IN PERSON / Although it's been more than a decade since his last hit, Jackson Browne is still in demand as a performer at benefit concerts. But has his political activism damaged his commercial appeal?
It took the signing of a treaty banning the use of land mines to bring Jackson Browne to Ottawa for the first time.
The 49 year old singer-songwriter performed at a benefit concert last week for Mines Action Canada, and its U.S. Counterpart, Operation Landmine; and while the Ottawa Congress Centre venue was a new experience for him, doing a charity benefit was not.
Browne, best known for the hit album, Running on Empty, and as one of the pioneers of the laid-back folk-rock sound that came out of California in the seventies, has participated over the past decade in benefits for a seemingly endless list of charities. The night before his Ottaw debut at the international conference where more than 100 countries signed an anti-mine agreement, Browne was on stage in Washington raising money for an inner-city project working with teenagers stricken with AIDS.
He says he doesn't keep a count of the number of these fund raisers he does each year. "I'm more comfortable talking about the need for such things than i am talking about many of these things I do." he said.
If prompted Brown could probably go on railing against land mines - only the latest injustice to which he is called attention with his pop music profile.
Brown was one of the founding members of Musicians United For Safe Energy, which organized the legendary No Nukes concert at Madison Square Garden in 1979. The concert has recently been re-released as a two-CD set featuring such artists as Bruce Springsteen, Carly Simon, Bonnie Raitt and James Taylor.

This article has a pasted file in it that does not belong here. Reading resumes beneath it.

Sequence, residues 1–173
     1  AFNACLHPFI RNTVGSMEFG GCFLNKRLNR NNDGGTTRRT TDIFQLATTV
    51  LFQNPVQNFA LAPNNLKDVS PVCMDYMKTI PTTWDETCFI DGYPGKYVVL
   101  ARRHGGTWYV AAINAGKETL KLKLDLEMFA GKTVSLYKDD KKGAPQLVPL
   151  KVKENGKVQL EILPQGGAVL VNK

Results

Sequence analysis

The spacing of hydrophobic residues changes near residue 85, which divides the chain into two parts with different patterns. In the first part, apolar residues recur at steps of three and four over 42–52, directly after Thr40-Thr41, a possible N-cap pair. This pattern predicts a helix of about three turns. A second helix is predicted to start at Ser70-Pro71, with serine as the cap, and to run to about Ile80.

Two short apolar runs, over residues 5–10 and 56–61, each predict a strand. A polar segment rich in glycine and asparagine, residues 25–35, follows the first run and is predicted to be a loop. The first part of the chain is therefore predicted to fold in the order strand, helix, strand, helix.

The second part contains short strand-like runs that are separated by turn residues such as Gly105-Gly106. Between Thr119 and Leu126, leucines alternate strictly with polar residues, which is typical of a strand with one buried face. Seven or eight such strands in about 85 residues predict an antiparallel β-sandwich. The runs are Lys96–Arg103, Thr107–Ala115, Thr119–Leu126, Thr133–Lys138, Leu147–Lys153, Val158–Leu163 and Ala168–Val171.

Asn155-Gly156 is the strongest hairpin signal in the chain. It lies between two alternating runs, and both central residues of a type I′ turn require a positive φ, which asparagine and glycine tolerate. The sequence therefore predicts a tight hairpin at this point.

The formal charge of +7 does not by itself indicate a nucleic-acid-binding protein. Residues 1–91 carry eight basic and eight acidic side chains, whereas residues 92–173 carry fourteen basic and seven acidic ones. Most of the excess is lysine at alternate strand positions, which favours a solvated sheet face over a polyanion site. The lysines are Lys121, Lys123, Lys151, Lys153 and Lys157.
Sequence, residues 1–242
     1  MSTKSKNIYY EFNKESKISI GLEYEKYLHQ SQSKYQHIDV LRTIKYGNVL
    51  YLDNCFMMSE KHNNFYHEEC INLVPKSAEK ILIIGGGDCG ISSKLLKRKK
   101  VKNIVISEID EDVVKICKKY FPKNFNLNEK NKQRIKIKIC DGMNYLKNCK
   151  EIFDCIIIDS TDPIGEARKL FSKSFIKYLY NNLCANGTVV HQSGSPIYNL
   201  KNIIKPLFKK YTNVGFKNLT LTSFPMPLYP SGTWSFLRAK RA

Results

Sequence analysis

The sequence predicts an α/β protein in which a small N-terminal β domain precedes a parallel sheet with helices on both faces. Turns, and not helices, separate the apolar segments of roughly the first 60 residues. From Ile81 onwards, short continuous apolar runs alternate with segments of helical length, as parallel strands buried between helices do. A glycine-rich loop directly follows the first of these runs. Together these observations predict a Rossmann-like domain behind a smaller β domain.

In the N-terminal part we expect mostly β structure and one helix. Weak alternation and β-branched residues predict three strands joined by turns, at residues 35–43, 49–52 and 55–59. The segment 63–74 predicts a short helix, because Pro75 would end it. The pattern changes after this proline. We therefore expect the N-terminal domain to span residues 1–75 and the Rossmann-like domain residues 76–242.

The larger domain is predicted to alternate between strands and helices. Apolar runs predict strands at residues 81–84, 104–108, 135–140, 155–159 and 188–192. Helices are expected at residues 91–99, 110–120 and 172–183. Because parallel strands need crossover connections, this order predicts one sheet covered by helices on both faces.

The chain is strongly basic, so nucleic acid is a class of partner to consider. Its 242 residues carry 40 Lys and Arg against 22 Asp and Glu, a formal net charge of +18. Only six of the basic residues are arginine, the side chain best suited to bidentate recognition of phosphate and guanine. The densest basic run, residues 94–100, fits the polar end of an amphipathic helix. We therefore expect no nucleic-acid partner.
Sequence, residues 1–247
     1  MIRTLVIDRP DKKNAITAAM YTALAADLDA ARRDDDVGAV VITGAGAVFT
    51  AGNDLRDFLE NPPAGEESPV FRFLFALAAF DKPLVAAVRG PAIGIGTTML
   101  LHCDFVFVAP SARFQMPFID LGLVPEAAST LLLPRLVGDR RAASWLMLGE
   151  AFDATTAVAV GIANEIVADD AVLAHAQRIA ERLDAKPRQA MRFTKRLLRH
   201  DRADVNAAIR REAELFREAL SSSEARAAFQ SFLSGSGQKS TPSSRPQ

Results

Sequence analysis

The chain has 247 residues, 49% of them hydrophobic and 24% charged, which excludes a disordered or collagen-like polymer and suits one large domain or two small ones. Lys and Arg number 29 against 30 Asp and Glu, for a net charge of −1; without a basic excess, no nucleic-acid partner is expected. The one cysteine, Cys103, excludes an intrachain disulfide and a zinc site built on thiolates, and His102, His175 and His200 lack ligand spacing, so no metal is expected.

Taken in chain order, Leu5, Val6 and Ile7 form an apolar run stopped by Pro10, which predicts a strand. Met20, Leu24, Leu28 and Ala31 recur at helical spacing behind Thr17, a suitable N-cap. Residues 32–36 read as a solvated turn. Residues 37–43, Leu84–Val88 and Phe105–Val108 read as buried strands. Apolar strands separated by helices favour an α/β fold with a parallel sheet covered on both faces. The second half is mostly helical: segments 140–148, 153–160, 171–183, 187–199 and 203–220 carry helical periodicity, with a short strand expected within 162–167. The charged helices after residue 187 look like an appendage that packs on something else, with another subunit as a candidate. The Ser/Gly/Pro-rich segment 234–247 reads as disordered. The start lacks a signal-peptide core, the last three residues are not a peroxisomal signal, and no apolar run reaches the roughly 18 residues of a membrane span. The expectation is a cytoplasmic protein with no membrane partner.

Although he is not as commercially successful as he was nearly two decades ago when he released a series of critically praised albums, including The Pretender and the multimillion- selling Running on Empty. Browne is still in demand by grassroots organizations who need help raising money for native U.S. high school scholarships or preserving the forests.
However, there seem to be a few constants in Browne's life. While the black turtleneck, blue jeans and wire rimmed glasses give him a more nineties yuppie air, Browne is still boyishly handsome with his southern California looks and a compact five-foot-nine college wrestler's build.
Indeed, conversation with him is like a wrestling match: Browne gets combative if he needs to make a point. For instance, he insists on calling his charity work "aiding the public initiatives to create social change." Don't call them causes. "That's a shorthand way of not discussing what those issues are." said Browne. "The word 'causes' is too generic a term. . . . For me, it all comes under the heading of human rights."
Whatever they're called, Browne's passion for them has at times come close to eclipsing his musical career. Indeed, his albums in the eighties such as Lawyers in Love and Lives in the Balance, added a more strident political edge to his songwriting, criticizing among other issues, U.S. interference in Central America. Each also showed a decline in sales, and a concert appearance in Toronto this summer at a large outdoor amphitheatre was attended by only 1,500.